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It’s not your imagination: Chicago is exploding with art

We knew it all along, but finally a University of Chicago study affirms that Chicago is a city bursting with creatives.

That’s because the city’s labor force, as compared to other, similar cities, over-indexes in terms of artists. The study, Measuring Chicago’s Artistically Creative Economy, takes a look at how those in the field – from folks such as street painter wunderkind Hebru Brantley to creative writers such as “Divergent‘s” Veronica Roth – impact the local economy. And, if larger minds can agree on a way to measure and harness said art and culture, it could very well be added to the equation that measures the nation’s gross domestic product.

Here’s an interesting set of points from the study:

An estimated 63,008 artists work in Chicago. Designers represent the largest share of the artist workforce in Chicago, at 36.3 percent.

And:

Among Chicago artists, writers/authors and architects are most highly concentrated compared to the U.S. as a whole. Chicago also has higher concentrations of designers, musicians, photographers, actors, and dancers compared to the national baseline, but fell below the nation in its concentration “fine artists, art directors, and animators.”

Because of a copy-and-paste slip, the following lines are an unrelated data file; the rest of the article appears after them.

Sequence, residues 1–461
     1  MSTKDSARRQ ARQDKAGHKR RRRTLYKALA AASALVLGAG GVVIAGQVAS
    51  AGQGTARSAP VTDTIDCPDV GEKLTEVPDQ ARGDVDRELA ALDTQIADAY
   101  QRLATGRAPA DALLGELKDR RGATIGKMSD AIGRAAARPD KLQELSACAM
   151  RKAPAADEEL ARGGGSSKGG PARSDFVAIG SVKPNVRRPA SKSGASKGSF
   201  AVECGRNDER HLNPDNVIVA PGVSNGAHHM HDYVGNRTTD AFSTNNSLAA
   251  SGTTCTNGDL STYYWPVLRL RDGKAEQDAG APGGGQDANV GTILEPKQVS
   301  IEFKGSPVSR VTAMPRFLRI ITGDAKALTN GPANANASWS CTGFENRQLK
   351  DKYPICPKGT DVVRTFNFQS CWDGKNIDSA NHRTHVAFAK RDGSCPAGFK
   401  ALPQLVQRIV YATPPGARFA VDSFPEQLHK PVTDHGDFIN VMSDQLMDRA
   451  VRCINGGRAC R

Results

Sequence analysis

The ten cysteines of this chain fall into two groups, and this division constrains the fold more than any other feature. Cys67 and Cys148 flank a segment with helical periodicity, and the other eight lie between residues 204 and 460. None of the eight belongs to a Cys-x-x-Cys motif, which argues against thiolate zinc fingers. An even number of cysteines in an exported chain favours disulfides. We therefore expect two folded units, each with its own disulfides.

Why does this matter? The study dovetails nicely with a number of city-sponsored public art events that span the summer and will expand everyone’s horizons. Brantley, who two years ago sold a piece to Jay-Z for $20,000 and is now showing in Beverly Hills, California, will be showcasing an exhibit called “Parade Day Rain” at the Chicago Cultural Center starting June 14, 2014. Not that Brantley’s paintings are singled out in the university’s study, but with smaller wall pieces that easily sell for at least $4,000, fervor for artists such as Brantley could stir an economic pot.

It’s all part of a larger discussion being held by the National Endowment of the Arts and the US Bureau of Economic Analysis, and others, who are trying to figure out how to measure how arts and culture contribute to the country’s gross domestic product.

In other words: culture is a measurable export.

While the big brains harangue over the definition of art economy, you can help move things along by visiting a growing number of modern exhibits. For the designer community, the CHGO DSGN: Recent Object and Graphic Design is a good bet. It opens May 31 and runs through November 2 also in the Chicago Cultural Center, in the Exhibit Hall, 4th Floor North.

It’s a major exhibition of “recent object and graphic design by 100+ of the city’s leading designers,” according to the city. It’s also curated by Rick Valicenti, the 2011 recipient of the Smithsonian Cooper-Hewitt National Design Award, with displays designed by Tim Parsons, Associate Professor of Designed Objects at the School of the Art Institute.

– Adrienne Samuels Gibbs